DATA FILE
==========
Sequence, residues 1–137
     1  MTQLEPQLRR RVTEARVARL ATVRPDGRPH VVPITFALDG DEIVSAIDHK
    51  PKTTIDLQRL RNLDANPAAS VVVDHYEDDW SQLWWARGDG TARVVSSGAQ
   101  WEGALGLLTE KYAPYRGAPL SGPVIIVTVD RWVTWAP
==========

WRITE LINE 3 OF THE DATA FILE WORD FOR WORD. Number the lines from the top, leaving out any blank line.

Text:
    51  PKTTIDLQRL RNLDANPAAS VVVDHYEDDW SQLWWARGDG TARVVSSGAQ